Get ready for Perseid to shine at night as the unique meteor shower will take place as the moon sets before midnight. August is usually meteor viewing season, so get ready because this one is going to be a good one.
For Northern Hemisphere observers, the latter half of July on into August will have one of the best displays before reaching its peak in mid-August.
The annual shower is beloved by everyone from meteor enthusiasts to summer campers, and 2013 will be an excellent one for the Perseids. The moon will set before midnight on the peak nights of Aug. 11 and 12, meaning dark skies for prospective observers.
In general, Earth encounters richer meteoric activity during the second half of the year, and stargazers are more likely to see twice as many meteors per hour in the predawn hours as compared with the evening hours. During the premidnight hours, the United States is on the “trailing” side of the Earth due to our orbital motion through space. Any meteoric particle generally must have an orbital velocity greater than that of the Earth to “catch” the planet.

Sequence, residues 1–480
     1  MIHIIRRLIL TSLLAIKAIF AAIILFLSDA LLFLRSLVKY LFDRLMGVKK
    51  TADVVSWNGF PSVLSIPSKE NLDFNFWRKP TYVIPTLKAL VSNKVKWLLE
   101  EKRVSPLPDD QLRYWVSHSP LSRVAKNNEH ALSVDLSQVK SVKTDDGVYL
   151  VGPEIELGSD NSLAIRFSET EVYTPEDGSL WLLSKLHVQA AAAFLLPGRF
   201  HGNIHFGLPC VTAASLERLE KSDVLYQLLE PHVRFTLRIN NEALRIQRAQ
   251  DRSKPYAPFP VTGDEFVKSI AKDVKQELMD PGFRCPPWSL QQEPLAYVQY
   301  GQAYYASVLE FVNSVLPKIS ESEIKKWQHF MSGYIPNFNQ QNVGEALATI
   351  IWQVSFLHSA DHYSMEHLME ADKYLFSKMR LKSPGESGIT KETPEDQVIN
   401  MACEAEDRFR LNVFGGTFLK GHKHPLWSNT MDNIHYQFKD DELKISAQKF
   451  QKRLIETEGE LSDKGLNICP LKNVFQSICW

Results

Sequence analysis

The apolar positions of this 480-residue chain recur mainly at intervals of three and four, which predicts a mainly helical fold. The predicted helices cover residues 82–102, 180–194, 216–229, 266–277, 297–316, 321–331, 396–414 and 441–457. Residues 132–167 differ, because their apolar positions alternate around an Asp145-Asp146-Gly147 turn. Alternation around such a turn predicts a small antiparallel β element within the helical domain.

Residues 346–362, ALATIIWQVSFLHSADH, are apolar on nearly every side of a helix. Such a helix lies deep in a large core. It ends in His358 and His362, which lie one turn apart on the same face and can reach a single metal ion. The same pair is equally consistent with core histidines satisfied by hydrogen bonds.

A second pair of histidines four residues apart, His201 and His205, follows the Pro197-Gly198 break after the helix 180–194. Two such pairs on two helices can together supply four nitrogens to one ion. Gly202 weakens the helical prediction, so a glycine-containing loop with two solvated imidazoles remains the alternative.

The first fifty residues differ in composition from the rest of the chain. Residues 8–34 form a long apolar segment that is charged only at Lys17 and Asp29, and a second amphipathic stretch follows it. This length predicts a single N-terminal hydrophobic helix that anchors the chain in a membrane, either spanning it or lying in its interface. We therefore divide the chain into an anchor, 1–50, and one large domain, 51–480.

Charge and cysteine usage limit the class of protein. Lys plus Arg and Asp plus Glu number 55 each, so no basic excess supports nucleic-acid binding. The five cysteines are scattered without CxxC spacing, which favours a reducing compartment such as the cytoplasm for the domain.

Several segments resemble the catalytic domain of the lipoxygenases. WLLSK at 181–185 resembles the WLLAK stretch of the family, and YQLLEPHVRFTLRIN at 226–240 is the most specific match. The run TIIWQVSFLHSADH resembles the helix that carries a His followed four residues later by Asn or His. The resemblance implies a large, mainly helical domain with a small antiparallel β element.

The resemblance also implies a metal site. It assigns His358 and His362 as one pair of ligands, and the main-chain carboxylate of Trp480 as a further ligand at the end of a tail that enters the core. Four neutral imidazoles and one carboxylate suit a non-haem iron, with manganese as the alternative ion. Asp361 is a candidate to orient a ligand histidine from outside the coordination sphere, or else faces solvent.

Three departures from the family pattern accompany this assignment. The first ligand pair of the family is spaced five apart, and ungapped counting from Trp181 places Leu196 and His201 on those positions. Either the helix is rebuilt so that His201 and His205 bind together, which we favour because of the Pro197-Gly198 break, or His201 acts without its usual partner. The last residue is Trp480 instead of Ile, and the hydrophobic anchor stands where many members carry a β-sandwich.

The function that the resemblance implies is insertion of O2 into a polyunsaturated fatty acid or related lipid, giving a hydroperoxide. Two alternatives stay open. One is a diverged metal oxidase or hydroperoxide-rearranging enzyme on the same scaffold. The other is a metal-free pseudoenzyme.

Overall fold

After midnight, when the United States is turned onto the Earth’s “leading” side, any particle that lies along the Earth’s orbital path will enter the planet’s atmosphere as a meteor. As such, objects collide with the atmosphere at speeds of 7 to 45 miles per second, their energy of motion rapidly dissipates in the form of heat, light, and ionization, creating short-lived streaks of light popularly referred to as “shooting stars.”
Summertime meteors, occasionally flitting across your line of sight, are especially noticeable between mid-July and the third week of August. Between Aug. 3 and 15, there are no fewer than six different active minor displays.
The actual number of meteors a single observer can see in an hour depends strongly on sky conditions, but the only equipment you’ll need to see them are your eyes and a modest amount of patience.